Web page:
Do you remember the supply shortages of toilet paper during the last 2 years? For many of us, this was certainly a new and drastic experience that dramatically demonstrated our dependence on functioning supply chains. Suddenly the risks and shortfalls in our global supply chains have been front and center in presidential briefing rooms, company boardrooms, and even family dining rooms. Supply chains are now recognized as central to business survival, success, and growth, rather than an opportunity to just reduce costs.
After the first few months of 2022, the uncertainties for the next 12 months seem to be getting even bigger rather than smaller. On top of the rapid changes due to the Covid 19 variants, there have been dramatic fluctuations in energy and pulp prices with massive implications for production and logistics costs along the supply chain. This is forcing companies in the paper and packaging industry to pass on their rising costs to their customers or, where this is not possible, to consider cutting production or deliveries in extreme cases. In combination with other factors, this will probably initially lead to further uncertainty before the "new reality" begins to ease.
For me, it comes down to 4 main themes. Resiliency, Sustainability, Visibility and Technology.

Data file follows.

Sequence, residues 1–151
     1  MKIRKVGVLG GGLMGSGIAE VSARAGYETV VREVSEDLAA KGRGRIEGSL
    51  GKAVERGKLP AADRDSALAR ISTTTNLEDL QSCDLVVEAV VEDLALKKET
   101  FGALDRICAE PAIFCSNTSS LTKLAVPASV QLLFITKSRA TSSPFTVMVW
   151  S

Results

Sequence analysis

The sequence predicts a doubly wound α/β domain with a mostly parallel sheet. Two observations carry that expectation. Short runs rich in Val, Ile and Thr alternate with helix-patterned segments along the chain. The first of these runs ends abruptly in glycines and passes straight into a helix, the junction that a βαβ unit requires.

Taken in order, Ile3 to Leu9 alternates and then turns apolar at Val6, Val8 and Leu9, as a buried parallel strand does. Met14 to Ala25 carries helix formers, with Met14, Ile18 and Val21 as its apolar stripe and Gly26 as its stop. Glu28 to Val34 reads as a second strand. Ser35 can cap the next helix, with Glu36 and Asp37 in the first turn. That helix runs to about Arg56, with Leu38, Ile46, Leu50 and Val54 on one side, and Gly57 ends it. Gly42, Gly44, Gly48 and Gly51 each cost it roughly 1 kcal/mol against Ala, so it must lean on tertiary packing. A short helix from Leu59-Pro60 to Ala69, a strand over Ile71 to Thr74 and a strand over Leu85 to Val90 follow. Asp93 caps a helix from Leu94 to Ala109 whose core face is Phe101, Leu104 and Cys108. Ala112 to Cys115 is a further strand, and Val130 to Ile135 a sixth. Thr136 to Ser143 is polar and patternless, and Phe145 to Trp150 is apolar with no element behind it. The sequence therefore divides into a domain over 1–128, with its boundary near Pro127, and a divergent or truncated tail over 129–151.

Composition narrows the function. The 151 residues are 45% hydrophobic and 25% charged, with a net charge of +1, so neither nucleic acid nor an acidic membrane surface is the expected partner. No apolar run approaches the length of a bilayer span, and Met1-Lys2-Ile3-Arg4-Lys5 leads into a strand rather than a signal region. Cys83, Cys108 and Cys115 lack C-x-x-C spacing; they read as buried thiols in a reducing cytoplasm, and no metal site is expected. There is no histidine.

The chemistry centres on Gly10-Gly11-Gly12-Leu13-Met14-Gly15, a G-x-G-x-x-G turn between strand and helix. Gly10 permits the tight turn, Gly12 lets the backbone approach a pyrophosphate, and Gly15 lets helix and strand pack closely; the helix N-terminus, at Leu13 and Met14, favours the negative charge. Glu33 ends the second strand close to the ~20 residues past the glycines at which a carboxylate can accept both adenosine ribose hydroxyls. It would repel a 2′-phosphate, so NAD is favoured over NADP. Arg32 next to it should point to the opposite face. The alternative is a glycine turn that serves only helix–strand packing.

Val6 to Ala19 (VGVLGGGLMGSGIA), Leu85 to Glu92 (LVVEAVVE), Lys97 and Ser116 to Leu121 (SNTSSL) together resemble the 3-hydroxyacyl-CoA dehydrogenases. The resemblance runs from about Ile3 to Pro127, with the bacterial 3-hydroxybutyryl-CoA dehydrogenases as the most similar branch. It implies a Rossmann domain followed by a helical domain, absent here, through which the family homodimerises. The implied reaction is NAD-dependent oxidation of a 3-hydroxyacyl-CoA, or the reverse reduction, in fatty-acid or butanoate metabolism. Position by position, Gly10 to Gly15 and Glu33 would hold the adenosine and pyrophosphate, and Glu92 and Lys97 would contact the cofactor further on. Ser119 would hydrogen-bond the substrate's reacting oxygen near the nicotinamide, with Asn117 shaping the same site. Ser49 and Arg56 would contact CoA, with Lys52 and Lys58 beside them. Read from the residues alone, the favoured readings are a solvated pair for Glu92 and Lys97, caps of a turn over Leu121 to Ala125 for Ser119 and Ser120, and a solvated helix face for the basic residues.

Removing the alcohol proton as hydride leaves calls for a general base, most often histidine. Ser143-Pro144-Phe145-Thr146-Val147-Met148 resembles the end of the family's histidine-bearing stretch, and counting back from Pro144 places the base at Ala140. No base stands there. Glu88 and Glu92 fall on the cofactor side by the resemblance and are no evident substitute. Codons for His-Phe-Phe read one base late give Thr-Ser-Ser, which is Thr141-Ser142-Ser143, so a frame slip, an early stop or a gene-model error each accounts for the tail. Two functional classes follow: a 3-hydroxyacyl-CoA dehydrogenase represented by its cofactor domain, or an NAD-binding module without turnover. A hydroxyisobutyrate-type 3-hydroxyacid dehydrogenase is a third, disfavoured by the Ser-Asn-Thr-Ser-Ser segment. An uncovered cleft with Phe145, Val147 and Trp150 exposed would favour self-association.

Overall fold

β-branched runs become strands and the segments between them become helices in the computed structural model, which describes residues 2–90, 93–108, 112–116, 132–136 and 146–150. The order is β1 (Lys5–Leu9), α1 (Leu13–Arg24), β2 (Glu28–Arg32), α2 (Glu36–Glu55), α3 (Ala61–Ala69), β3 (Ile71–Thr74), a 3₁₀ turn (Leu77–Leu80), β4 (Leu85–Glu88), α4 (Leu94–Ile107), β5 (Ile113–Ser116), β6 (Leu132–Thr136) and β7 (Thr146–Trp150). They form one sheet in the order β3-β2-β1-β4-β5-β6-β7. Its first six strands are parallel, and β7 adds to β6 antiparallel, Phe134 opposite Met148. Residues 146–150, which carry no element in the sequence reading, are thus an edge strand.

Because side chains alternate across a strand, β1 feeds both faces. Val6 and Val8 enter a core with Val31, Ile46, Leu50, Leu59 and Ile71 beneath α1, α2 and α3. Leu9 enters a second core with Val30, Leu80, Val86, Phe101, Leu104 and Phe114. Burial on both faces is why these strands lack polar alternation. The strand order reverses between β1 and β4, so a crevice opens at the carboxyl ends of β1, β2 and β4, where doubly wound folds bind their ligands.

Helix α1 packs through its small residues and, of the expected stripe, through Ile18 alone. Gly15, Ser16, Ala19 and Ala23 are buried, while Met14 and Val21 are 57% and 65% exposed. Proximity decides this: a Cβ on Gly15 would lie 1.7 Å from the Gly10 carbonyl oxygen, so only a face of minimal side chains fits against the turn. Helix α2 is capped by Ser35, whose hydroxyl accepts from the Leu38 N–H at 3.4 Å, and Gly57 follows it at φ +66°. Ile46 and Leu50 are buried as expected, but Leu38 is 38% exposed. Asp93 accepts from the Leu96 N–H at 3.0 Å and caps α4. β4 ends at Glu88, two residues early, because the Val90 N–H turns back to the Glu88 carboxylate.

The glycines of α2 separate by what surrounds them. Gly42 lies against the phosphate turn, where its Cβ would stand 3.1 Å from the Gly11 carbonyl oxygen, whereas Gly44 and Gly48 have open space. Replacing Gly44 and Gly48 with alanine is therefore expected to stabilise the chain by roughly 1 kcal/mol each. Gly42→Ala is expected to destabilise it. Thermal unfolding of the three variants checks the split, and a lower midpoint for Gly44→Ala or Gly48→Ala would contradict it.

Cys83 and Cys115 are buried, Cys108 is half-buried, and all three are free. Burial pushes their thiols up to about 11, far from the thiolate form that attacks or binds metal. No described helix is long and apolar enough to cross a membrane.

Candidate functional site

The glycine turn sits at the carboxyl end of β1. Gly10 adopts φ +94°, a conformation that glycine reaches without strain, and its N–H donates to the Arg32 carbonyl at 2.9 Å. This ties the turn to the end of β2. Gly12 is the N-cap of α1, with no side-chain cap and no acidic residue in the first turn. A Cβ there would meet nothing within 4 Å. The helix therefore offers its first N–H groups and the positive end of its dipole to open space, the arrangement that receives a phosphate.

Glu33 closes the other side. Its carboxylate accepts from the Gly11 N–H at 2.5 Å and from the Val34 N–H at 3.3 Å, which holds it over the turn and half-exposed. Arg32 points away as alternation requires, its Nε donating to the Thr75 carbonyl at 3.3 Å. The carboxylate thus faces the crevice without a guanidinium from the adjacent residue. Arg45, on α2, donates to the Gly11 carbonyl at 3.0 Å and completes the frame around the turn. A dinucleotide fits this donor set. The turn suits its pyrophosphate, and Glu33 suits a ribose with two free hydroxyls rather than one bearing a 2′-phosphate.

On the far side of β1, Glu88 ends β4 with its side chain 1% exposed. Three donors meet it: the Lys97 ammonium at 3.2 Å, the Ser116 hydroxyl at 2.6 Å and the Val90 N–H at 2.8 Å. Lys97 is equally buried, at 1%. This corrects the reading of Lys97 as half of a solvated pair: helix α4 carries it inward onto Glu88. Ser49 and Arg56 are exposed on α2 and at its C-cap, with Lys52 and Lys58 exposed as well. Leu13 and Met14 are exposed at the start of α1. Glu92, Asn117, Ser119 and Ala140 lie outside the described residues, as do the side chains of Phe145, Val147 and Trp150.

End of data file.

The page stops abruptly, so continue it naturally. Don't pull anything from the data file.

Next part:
Resiliency – As supply chain risks continue to flare up
For the past 20 months, the word that everybody is using to describe what is needed has been resiliency.
Experts predict continued disruptions in the short term, with challenges around transportation, labor shortages, and supply and demand imbalances. According to a survey from the Wall Street Journal, about 45% of economists believed that it would take until the second half of 2022 for there to be improvement.
To increase resiliency across global supply chains companies will need to rebalance on-shore, near-shore and off-shore strategies for manufacturing locations. As they’ve been doing for the past two years, they’ll have to keep identifying alternate sourcing strategies to reduce dependencies on individual suppliers.
Inventory optimization strategies will continue to be crucial, helping decision-makers identify key materials, intermediates, and products, and determine how much and where to store them across the supply chain. Organizations will also need to improve collaboration and increase visibility with suppliers, logistics service providers, contract manufacturers and other key trading partners.
Sustainability is the challenge of the 2020s
Climate change, circular economy, ESG and sustainability have all become business priorities over the past few years, and our supply chains sit right in the middle of these challenges, both as a major contributor to the problems, and as a great area of focus where we can take action to address the problems.
However, there’s a gap between sustainable mission statements and the ability to carry them out. This was a major finding from an Oxford Economics survey of worldwide supply chain decision makers across industries: 88% have either created a clear mission statement around sustainability or they're in the process of writing one, but only 52% have put those words into action and reduced their shipping miles.